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Police officers shouldn’t be ‘guarding broken watermains:’ chief

Last Updated Jan 11, 2018 at 4:51 pm EDT

Chief Mark Saunders speaks to reporters at Toronto police headquarters on Jan. 11, 2018. CITYNEWS

Toronto’s police chief said he’s looking into the union’s concerns about understaffing on the force, but insisted he has already taken measures to correct the problem.

At an event on Thursday, Chief Mark Saunders said he agrees there were issues under the old model, but he’s since hired new officers and changed deployment, “[making] the pie a little wider.”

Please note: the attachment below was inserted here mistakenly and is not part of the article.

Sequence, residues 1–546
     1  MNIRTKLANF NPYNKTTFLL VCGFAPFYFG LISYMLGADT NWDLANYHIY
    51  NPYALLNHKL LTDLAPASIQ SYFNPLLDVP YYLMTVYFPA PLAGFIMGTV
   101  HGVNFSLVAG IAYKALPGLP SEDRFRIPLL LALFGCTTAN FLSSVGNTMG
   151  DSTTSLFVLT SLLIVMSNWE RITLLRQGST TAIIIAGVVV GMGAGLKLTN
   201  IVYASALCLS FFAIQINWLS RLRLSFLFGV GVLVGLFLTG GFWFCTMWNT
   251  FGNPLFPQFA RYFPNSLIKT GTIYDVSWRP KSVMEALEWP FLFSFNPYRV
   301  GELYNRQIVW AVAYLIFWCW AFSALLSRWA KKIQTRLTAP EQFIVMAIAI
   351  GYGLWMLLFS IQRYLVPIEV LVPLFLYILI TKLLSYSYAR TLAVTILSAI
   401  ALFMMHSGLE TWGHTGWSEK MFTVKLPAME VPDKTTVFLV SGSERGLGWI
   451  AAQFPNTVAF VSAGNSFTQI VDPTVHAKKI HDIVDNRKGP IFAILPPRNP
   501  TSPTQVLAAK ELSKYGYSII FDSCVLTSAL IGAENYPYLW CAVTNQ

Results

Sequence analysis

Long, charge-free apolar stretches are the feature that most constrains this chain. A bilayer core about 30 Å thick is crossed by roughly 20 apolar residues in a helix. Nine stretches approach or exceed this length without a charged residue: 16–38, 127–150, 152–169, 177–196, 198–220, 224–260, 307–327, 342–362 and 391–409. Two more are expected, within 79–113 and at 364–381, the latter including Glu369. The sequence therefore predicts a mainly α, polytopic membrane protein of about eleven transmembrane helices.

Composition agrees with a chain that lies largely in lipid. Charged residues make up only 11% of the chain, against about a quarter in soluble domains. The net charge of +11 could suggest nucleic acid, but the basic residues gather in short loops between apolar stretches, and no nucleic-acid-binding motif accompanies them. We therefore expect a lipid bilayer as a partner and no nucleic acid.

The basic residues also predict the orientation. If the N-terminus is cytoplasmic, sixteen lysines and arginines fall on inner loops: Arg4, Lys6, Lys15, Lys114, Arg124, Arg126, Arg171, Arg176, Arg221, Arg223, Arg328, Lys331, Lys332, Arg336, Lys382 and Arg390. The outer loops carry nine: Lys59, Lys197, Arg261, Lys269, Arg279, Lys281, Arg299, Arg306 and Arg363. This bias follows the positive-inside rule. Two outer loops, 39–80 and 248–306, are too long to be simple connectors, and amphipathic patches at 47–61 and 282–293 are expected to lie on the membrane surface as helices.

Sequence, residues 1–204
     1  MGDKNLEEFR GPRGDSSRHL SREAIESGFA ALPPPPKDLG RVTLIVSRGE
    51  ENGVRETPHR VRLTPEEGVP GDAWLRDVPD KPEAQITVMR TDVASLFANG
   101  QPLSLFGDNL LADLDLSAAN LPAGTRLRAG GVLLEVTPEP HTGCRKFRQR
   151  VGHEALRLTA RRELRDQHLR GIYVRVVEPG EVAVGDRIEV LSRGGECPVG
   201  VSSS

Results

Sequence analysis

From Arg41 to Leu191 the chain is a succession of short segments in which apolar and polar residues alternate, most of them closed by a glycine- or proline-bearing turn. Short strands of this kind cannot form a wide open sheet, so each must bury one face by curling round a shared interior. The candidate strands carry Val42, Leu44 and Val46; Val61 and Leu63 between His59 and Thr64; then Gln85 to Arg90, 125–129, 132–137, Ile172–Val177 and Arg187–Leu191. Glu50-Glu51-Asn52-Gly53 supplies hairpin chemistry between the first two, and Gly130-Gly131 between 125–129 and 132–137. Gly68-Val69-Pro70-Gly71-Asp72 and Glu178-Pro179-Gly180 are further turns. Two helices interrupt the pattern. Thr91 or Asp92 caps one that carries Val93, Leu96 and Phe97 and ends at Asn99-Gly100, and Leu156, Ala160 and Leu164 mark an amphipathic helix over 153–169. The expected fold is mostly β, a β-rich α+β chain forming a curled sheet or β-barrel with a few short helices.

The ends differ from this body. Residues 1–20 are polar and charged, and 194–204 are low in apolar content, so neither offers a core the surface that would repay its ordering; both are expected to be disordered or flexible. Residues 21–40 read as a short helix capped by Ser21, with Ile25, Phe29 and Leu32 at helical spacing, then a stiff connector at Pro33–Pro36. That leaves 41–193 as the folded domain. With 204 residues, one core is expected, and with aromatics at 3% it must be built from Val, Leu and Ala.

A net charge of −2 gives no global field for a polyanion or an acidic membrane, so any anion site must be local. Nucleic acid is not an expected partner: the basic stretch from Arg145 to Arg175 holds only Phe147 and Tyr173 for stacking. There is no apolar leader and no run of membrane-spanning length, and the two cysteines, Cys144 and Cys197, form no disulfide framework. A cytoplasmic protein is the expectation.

Saunders said he has added another 523 officers to the front line since last May and assigned more officers to cover larger areas.

“One of the key and critical pieces … is reducing the cost-for-service,” he told reporters. “That is fundamental if we’re going to be able to modernize.”

Saunders suggested it’s a waste to have skilled officers directing traffic and protecting crime scenes, and said there are some calls they shouldn’t be going to.

“There’s certain things that highly-trained police officers do not need to do,” he said. “Guarding a broken watermain — I don’t think that’s what the taxpayers want.”

However, Saunders said he is in the process of hiring more officers, though he has not settled on a number.


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